The mid-week binge (this week has been RIFE with excessive viewing) was The Flash. Inspired by a section of the (great) comic book movie podcast Cinematic Universe, I jumped straight into midway through the second series, which also happen to be the episodes set on Earth-2 (‘Welcome to Earth-2’ and ‘Escape From Earth-2’). Starting here was a great idea – not least because it was all that was available on catch-up – and it wasn’t nearly as confusing as I would have expected: with doppelgängers abound, everyone’s supposed to be a bit confused going in. A whole bunch of enjoyable, mad, sparky alternate universe stuff where everyone’s clearly having a ball, these episodes kick-started a return to the show which seemed so much more FUN than I ever remembered it being. The episodes surrounding those weren’t on quite the same level – God, whoever thought Killer Shark was a good idea needs to think some more – but, actually, on the whole I’m really glad to be watching it again. It’s also crazy-refreshing to be watching a DC property which isn’t grim-dark to the point of exhaustion. People sometimes even LAUGH in The Flash. WHAT A NOTION.
Supergirl, while another DC property capable of a smile, isn’t currently going down quite so well. For starters, every time I see Winn’s face I get really, really angry (have I mentioned before how much I hate the concept, let alone the device, of friend-zoning?). Then again, when that whole saga isn’t being mentioned, it’s not so bad. I still think Melissa Benoist is really good in it, even if the script and the effects are a bit shonky sometimes and the plot’s a little wobbly. Plus, Calista Flockhart’s Kat Grant is always great, and actually got to show a different, softer side this week with the introduction of son Adam.
Agents of S.H.I.E.L.D. has also aired its first episode without Bobbie and Hunter, which wasn’t the disappointment as I had worried it was going to be. By focusing on Mac and doing a pretty good job of it, and giving Fitz and Simmons each something to do (albeit entirely separate from one another), it’s probably one of the better episodes since the midseason finale. It’s also gesturing towards interesting things – Daisy’s foray into something which technically has to be torture in the name of protecting Inhuman identity hints at a potentially darker path for that character – and it almost, ALMOST, made it through a whole episode without running towards Malick. Which I appreciated A LOT.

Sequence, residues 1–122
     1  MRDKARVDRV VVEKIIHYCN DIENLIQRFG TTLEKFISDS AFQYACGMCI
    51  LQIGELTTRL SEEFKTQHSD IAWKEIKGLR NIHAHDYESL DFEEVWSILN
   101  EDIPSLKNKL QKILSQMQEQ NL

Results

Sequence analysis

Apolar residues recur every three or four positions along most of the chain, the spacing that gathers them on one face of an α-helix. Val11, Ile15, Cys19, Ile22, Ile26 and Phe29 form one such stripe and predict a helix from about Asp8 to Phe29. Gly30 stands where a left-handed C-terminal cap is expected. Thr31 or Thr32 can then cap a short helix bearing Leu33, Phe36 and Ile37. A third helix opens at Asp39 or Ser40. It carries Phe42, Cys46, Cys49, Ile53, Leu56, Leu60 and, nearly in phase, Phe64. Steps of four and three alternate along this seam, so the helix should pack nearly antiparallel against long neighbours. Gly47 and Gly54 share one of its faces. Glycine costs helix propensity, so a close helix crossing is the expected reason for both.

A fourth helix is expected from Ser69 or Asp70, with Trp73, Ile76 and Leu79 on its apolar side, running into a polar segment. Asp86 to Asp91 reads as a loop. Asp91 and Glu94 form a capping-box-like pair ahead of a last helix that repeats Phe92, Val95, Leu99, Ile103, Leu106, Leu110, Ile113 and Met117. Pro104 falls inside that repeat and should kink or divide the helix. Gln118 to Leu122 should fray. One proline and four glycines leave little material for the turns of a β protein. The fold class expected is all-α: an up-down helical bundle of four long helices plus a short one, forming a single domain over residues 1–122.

It might not look like it right now – I’ve definitely frontloaded all the comic book stuff in this blog post – but I have, and do, watch shows without superheroes in them. The Aliens came to an end this week in a pretty bleak and bloody finale which, while I can’t exactly say I enjoyed, I’m glad to have watched. I’m actually really glad to have watched the show as a whole – a little bit different from my usual fare and, on the whole, a lot of fun, I would recommend it to anyone with even a passing interest in modern sci-fi. Brooklyn Nine-Nine is also an ongoing feature in my weekly routine, but I know by now that I really only get into it when I’m able to marathon so I might bid it farewell until the third series comes out on DVD. Plus, The Unbreakable Kimmy Schmitt is back, and while I’m only an episode down so far – expect more next week – I’ve laughed out loud at least four times. It’s another show that takes me a while to settle into, but considering how happy I was to hear its incredible theme tune again, I’m sure that when I get back to that point, I’ll be very glad I did.